Not Silk, Plaid

When not intimidated by his second wife, James Black railed against her spendthrift habits. “I’ll not cover her back in silk out of my money,” he thundered during an atypically long monologue. After Black’s death in 1870, the oft-wed Widow Black traded her usual taffeta for a riotous plaid dress, immortalized in a luxurious settingContinue reading “Not Silk, Plaid”

Sea Otters: Dying to be Worn

Sea otters have the misfortune to be born with plush pelts boasting up to one million hairs per square inch. Hunters prized their skins as “blacker, thicker, and glossier” than their cousins: the beaver and land otter.  When fashion dictated the Manchu nobles of the Chinese Qing dynasty (1644-1912) dress in sea otter skins, the animals’ demise wasContinue reading “Sea Otters: Dying to be Worn”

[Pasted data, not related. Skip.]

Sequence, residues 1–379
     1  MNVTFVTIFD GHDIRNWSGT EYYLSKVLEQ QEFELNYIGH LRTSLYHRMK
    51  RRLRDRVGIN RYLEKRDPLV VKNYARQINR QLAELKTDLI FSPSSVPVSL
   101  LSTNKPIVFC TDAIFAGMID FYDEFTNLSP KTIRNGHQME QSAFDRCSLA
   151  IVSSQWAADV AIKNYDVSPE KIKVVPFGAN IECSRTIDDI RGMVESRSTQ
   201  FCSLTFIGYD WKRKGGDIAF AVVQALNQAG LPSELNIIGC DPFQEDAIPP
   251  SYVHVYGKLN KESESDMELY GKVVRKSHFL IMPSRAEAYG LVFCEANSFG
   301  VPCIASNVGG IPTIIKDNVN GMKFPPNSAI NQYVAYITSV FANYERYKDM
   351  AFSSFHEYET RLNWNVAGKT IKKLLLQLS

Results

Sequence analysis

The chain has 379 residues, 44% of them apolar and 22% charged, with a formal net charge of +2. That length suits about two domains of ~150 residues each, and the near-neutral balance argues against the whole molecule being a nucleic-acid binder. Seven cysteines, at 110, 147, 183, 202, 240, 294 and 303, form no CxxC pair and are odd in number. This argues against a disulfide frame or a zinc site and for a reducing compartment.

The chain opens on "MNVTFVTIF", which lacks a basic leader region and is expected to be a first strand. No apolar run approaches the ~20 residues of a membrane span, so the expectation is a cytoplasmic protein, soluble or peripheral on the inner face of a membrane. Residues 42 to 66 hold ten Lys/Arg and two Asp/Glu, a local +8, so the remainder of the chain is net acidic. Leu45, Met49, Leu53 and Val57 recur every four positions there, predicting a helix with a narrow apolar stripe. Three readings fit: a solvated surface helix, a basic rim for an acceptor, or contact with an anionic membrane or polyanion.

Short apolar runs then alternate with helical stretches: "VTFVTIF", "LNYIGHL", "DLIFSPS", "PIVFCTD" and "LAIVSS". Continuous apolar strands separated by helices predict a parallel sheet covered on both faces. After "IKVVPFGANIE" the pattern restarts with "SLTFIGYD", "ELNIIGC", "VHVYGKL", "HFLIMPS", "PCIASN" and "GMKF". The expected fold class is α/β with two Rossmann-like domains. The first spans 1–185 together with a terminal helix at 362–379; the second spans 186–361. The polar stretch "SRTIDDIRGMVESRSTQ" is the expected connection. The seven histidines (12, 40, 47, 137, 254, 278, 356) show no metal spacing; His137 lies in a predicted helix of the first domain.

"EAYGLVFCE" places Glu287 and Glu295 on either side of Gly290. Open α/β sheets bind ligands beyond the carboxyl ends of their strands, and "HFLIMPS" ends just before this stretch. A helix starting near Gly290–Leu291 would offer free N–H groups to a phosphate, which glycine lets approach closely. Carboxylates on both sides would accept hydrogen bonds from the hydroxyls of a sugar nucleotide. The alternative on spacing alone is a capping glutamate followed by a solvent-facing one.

Chloroform – Fit for a Queen

Although Queen Victoria and Prince Albert considered anesthesia for the birth of their seventh child, Arthur, they waited for Leopold’s birth in 1853 to ask Doctor John Snow to ease Victoria’s labor delivery with chloroform. The good doctor used a reclining “open-drop” chloroform application for the queen’s treatment rather than the steampunk inhaler he hadContinue reading “Chloroform – Fit for a Queen”

Don Timoteo’s Adobe

Adobe, Spanish for “mud brick,” refers to both the air-dried bricks of earth, water, and straw or dung as well as the buildings constructed from those bricks. For centuries, adobes have served as building materials, especially in arid locations. In 1830s Marin County, California, Timothy Murphy built a two-story adobe home, headquarters for his frequentContinue reading “Don Timoteo’s Adobe”